Espresso Book Machine


During your pre-production phase you acquired already a bar code (for your print book) and an ISBN, the International Standard Book Number, a 13-digit number that uniquely identifies books published anywhere in the world. How to get one? Or better a block of ten, if you intend to write more books. BTW, the price of a block of ten is the same as buying only two ISBN’s.

Good news for authors in Canada: ISBN are free for Canadian citizens, publishing a book in Canada – no matter were it is sold. But that’s not the only benefit for the publishing industry in this country.

Selling your e-book on Amazon doesn’t necessarily require an ISBN, you will get automatically an ASIN, Amazon’s identifier. Other retailers may require an ISBN, such as Kobo URL for example.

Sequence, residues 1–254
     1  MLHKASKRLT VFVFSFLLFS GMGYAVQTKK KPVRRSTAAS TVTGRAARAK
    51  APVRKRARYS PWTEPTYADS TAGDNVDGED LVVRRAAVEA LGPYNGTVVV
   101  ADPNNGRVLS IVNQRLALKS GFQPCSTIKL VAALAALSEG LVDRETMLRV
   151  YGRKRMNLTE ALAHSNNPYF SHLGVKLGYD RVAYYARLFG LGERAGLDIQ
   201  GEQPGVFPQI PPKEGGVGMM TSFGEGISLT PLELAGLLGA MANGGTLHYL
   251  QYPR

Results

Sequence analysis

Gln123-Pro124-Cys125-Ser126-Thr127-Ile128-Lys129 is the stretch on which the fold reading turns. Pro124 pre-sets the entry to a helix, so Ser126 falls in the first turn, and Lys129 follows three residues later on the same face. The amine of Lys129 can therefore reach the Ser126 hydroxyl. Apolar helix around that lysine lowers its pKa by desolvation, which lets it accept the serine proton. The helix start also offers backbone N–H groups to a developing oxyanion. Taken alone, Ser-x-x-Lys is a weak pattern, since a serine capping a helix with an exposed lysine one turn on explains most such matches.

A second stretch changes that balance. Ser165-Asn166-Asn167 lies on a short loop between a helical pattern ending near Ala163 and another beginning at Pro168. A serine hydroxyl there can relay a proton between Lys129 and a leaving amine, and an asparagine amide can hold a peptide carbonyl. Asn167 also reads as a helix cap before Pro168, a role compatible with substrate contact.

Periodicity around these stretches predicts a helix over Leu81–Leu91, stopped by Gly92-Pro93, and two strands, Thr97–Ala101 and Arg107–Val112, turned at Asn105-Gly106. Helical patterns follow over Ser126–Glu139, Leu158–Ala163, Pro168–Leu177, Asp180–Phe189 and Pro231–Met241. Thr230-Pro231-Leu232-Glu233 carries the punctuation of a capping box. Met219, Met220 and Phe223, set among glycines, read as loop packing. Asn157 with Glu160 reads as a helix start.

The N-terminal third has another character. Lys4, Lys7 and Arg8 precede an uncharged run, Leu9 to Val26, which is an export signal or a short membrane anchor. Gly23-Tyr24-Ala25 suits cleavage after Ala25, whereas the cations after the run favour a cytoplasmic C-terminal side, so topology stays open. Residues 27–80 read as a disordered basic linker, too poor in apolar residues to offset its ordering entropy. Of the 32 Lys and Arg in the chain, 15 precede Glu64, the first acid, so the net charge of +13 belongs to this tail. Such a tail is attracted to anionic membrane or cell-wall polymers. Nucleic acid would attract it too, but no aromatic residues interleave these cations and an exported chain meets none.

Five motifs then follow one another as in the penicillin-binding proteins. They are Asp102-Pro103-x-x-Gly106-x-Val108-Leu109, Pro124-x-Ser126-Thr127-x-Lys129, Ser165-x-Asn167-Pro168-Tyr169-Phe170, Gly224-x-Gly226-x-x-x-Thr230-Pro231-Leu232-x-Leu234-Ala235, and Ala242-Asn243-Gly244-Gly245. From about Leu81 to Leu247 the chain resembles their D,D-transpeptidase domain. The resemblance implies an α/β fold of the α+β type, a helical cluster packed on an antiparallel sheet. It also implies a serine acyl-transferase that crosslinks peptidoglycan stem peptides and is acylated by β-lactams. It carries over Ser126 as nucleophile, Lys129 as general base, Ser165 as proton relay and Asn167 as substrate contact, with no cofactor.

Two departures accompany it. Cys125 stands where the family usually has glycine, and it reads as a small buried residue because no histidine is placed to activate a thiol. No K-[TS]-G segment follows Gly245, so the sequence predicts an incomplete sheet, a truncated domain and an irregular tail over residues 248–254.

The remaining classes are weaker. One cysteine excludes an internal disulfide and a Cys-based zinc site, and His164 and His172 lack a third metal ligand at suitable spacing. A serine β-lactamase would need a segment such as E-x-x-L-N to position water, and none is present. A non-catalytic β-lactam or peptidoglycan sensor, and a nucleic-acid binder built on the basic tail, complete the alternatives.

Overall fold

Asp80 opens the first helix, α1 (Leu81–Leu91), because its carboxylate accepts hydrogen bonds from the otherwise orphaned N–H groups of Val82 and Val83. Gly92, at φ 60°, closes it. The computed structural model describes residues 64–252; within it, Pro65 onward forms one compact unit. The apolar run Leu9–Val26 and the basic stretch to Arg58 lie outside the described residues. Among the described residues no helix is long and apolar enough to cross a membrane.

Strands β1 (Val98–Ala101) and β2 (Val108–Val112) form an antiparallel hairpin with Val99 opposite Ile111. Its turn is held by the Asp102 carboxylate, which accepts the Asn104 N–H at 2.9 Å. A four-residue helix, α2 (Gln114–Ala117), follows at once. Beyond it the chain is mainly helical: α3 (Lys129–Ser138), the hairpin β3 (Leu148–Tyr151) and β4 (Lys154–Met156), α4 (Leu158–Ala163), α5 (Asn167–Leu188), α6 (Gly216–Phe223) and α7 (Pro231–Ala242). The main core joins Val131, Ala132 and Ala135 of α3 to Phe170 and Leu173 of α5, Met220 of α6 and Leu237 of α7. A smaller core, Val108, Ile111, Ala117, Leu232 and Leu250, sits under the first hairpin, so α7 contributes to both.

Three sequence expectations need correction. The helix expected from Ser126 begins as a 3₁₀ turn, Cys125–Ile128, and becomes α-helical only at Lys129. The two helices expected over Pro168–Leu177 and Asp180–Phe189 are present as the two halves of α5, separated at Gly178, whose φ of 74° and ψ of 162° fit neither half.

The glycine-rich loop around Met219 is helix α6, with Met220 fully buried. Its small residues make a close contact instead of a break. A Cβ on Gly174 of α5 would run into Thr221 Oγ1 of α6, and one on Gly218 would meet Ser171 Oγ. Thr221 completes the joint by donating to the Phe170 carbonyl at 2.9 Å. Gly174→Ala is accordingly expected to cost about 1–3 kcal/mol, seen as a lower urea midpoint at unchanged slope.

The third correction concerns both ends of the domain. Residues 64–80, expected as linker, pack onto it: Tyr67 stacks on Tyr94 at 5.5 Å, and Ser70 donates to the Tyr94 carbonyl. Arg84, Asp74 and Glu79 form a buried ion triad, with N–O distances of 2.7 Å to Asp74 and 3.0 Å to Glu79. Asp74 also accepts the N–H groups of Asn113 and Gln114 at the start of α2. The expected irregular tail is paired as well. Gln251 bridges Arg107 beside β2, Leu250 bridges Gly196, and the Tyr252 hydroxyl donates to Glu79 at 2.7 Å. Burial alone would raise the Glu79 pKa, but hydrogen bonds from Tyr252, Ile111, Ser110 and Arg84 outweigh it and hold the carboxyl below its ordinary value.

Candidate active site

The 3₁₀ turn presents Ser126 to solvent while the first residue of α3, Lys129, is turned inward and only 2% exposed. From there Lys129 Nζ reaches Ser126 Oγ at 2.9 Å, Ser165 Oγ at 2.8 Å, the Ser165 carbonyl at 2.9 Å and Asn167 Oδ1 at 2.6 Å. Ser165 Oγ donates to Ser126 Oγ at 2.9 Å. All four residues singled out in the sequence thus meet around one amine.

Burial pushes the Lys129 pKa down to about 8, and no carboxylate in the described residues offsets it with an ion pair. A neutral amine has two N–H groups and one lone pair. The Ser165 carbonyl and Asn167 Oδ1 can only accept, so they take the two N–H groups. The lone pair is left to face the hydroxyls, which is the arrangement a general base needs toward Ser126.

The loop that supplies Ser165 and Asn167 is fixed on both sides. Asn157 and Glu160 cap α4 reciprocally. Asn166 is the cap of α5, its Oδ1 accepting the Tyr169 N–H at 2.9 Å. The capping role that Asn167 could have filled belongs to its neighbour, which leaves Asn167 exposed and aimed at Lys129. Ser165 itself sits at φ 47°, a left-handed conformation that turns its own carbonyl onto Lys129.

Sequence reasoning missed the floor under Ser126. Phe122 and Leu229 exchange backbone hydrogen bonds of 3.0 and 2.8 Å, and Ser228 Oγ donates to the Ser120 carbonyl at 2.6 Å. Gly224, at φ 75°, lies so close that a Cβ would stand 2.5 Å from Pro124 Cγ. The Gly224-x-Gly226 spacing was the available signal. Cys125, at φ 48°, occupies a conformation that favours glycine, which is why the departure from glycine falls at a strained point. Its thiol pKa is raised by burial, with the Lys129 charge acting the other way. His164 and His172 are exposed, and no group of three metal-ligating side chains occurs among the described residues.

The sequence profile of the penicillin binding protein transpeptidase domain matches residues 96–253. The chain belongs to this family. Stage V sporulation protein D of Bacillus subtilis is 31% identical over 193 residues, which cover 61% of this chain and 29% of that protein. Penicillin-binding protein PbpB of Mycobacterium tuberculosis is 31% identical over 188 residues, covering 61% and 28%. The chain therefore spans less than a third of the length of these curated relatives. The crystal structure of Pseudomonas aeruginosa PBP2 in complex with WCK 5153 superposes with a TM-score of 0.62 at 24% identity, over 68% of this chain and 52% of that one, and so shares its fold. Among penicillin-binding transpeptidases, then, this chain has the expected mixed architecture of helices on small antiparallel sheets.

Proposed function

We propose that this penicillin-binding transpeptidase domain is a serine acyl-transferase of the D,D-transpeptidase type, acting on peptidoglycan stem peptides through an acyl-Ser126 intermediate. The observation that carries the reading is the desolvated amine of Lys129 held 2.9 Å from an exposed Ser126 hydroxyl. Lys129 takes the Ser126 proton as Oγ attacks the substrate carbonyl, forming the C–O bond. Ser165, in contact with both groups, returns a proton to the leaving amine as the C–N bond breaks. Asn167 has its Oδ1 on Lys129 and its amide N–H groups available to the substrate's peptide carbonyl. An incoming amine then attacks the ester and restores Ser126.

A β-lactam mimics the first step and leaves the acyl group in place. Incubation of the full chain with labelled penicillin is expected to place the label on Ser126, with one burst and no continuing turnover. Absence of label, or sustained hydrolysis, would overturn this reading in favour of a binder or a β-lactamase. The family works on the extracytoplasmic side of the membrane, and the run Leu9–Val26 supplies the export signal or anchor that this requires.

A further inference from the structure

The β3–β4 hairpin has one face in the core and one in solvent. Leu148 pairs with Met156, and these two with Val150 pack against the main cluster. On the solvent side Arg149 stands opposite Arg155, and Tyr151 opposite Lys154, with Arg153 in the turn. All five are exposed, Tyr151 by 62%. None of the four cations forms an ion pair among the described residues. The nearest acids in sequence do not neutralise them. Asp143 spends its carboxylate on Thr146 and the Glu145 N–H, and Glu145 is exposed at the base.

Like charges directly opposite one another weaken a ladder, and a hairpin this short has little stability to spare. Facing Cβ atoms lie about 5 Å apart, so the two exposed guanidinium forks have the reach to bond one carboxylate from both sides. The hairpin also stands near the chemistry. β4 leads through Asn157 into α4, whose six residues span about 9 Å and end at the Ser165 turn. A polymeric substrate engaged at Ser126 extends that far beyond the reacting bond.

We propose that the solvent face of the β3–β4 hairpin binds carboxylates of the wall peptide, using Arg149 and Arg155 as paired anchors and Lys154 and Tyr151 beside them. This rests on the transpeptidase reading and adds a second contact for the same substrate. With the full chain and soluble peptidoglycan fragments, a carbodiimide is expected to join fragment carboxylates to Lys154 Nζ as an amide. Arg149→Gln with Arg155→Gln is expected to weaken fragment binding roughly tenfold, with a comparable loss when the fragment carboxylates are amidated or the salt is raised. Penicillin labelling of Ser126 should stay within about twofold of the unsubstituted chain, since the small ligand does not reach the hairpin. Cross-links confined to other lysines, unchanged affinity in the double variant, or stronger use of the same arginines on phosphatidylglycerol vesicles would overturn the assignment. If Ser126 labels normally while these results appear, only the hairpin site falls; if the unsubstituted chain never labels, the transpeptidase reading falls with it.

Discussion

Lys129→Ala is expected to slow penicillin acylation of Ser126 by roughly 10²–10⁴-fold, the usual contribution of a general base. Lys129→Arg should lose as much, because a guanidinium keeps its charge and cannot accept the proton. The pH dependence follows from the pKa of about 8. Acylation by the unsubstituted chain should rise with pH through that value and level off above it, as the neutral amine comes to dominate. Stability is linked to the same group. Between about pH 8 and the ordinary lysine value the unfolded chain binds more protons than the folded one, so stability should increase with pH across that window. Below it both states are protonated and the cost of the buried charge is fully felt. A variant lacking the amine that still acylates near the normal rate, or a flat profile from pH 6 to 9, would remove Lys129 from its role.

ISBN numbers are assigned by a group of agencies worldwide coordinated by the International ISBN Agency in London, England.  In the United States, ISBN’s are assigned by the U.S. ISBN Agency: R.R. Bowker is the independent agent in the US for this system. You can apply for an ISBN online. On average it takes about two weeks for ISBN’s to be assigned. Getting your own ISBN is very important, as the initial purchaser of this number is considered officially as the publisher. Don’t fall for “free” ISBN and don’t purchase it from other sources than the official organizations.

Plan and Calculate Printing Carefully
Unless you have hundreds or even thousands of paperback orders, it doesn’t make sense to have your book printed the traditional way. Book printers expect a run of at least five thousand books to give you a reasonable price per book. Avoid to be one of these authors who have a garage full of books and no idea how to sell them ever. Get your distribution channels (more about this in one of the next blogs) first and then order your printing.